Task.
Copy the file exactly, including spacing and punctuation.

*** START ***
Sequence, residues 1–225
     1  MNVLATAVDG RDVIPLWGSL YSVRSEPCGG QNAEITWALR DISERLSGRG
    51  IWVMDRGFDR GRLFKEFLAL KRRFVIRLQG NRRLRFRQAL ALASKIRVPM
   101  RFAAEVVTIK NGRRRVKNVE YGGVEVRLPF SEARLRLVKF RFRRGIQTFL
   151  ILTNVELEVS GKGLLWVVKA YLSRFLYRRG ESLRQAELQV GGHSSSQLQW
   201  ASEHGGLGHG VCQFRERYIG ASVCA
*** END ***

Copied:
Sequence, residues 1–225
     1  MNVLATAVDG RDVIPLWGSL YSVRSEPCGG QNAEITWALR DISERLSGRG
    51  IWVMDRGFDR GRLFKEFLAL KRRFVIRLQG NRRLRFRQAL ALASKIRVPM
   101  RFAAEVVTIK NGRRRVKNVE YGGVEVRLPF SEARLRLVKF RFRRGIQTFL
   151  ILTNVELEVS GKGLLWVVKA YLSRFLYRRG ESLRQAELQV GGHSSSQLQW
   201  ASEHGGLGHG VCQFRERYIG ASVCA